Coalition for Haitian Rights, formerly the National Coalition for 
Haitian Refugees in New York, the Coalition for Haitian Concerns in 
Philadelphia, the Washington Office on Haiti, the Haitian Refugee Center 
of Miami, etc., have been at the forefront of the struggle. But so far, 
all legislation voted by U.S. Congress, and measures taken by the 
Executive Branch have only offered short-term, temporary solutions to 
long-term problems, since emigration from Haiti -and other regions - 
toward the United States is bound to continue, until its causes are 
addressed. It is neither realistic nor fair to expect that America adopt 
an open-door policy. But in this country where the rule of law prevails, 
our supporters can advocate and obtain due process. 

However, such is not the case in some other countries. In the Dominican 
Republic, for example, where there are about 500,000 Haitians or alleged 
Haitians, as we previously mentioned, the official policy is the 
arbitrary deportation, without due process, at any chosen moment, of 
thousands of Haitians or people who "look" Haitian. The enforcer is not 
their Immigration Service, but the Dominican Army. Paradoxically, every 
year the Dominican Government requests the services of thousands of 
sugar cane cutters from Haiti since their sugar industry would collapse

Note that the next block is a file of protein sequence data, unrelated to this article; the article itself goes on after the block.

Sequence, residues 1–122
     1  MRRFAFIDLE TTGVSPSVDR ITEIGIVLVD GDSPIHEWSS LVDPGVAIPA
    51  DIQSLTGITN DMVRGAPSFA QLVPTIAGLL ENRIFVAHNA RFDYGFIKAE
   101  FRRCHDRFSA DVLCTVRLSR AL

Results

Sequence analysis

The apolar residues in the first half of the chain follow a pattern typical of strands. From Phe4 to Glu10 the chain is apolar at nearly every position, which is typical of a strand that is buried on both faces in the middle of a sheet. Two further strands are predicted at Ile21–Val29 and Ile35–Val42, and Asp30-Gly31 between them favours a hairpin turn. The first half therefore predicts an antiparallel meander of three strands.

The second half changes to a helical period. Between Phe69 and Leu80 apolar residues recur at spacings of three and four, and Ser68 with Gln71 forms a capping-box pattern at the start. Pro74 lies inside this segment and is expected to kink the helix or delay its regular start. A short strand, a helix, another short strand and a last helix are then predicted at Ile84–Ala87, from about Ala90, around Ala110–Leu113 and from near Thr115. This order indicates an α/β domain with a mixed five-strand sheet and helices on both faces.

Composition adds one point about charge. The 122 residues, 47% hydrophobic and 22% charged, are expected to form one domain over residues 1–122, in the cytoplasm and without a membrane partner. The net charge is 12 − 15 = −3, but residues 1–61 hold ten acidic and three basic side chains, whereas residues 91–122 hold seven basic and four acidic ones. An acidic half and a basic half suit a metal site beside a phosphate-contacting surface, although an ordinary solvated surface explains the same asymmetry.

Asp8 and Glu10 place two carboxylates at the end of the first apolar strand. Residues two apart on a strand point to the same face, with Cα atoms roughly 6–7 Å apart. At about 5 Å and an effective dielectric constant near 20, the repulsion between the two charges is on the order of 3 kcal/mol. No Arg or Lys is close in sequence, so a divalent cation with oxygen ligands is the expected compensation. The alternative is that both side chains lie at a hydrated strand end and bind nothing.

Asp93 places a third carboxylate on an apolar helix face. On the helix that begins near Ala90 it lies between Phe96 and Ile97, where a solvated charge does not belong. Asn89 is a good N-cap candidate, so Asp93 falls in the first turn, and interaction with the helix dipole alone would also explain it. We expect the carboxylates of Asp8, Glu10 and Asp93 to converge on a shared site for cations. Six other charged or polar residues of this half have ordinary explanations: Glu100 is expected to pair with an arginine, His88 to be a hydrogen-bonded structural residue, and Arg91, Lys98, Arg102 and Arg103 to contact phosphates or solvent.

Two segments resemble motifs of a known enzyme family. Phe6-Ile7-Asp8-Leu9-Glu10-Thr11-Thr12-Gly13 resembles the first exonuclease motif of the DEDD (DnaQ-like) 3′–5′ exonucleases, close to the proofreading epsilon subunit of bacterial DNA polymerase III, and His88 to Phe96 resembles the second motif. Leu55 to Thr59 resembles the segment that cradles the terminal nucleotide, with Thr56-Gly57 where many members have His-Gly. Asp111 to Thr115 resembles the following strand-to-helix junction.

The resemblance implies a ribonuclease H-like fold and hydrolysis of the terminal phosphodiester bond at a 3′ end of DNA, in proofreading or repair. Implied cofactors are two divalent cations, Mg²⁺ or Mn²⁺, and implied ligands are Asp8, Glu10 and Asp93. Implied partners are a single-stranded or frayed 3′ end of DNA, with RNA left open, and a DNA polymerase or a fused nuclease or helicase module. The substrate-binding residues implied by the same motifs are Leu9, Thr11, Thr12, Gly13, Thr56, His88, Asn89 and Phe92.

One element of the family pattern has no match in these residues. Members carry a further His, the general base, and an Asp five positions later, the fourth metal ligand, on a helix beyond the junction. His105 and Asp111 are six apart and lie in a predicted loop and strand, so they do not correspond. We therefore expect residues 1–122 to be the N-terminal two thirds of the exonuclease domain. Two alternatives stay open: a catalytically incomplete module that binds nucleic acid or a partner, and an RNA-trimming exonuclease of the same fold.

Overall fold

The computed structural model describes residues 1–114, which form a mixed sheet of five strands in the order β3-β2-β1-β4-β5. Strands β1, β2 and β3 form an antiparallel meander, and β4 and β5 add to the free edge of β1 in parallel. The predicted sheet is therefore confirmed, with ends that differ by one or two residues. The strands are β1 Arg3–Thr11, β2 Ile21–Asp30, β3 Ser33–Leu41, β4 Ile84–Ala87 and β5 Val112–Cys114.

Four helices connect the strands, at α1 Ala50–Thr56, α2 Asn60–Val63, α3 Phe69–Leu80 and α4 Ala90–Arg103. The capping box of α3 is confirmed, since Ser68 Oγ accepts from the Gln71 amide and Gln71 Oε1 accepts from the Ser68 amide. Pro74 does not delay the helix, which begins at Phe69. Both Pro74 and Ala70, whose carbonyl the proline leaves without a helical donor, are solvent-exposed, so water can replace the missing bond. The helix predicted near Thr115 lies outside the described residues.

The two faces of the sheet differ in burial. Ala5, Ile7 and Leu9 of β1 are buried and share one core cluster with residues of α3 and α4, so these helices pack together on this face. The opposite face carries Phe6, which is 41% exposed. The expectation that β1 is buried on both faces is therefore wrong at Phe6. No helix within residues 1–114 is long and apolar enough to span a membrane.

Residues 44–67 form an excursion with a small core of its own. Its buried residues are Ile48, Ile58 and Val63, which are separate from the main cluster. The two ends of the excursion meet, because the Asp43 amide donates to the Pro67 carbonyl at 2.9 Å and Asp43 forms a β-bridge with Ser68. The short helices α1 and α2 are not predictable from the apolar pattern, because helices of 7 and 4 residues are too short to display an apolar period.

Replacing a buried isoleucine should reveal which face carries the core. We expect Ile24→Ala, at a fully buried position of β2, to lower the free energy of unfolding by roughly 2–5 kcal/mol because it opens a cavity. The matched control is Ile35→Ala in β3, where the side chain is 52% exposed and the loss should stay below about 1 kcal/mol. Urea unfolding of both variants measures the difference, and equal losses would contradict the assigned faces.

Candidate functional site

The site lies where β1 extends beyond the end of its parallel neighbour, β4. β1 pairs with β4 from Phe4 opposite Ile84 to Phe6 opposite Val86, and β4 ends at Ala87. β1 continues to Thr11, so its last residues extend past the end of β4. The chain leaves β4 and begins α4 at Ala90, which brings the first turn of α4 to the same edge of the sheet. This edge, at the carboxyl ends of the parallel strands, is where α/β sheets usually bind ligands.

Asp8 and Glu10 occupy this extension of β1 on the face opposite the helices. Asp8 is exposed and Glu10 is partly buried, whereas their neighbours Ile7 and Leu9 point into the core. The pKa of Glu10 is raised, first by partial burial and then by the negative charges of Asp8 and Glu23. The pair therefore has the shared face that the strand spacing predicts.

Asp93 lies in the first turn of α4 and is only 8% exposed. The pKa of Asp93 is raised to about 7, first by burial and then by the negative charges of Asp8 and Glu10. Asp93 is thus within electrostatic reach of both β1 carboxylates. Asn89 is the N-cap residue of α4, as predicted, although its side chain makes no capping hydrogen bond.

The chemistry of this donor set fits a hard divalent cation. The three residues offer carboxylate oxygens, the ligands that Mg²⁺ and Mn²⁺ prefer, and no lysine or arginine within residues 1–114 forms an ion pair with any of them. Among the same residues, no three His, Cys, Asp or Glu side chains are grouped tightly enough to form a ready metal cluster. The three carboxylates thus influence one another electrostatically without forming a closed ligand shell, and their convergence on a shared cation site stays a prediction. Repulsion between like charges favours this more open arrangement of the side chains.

without the help of our 'braceros'. Pro-Haitian advocacy in the 
Dominican Republic is weak, but we in the Diaspora can help by 
supporting the actions of the National Coalition for Human Rights which 
has developed a Caribbean Migration and Human Rights Project to 
"investigate and propose solutions for the problems associated with 
Haitian immigrants living in states throughout the Caribbean region, 
particularly with the difficult situation of the various Haitian 
populations in the Dominican Republic". The networking of other 
pro-Haitian advocacy and community organizations of the Diaspora under 
the umbrella of the National Coalition would provide additional human 
and financial resources for that valuable agency. It bears mentioning 
here that according to I.N.S. statistics, more illegal immigration to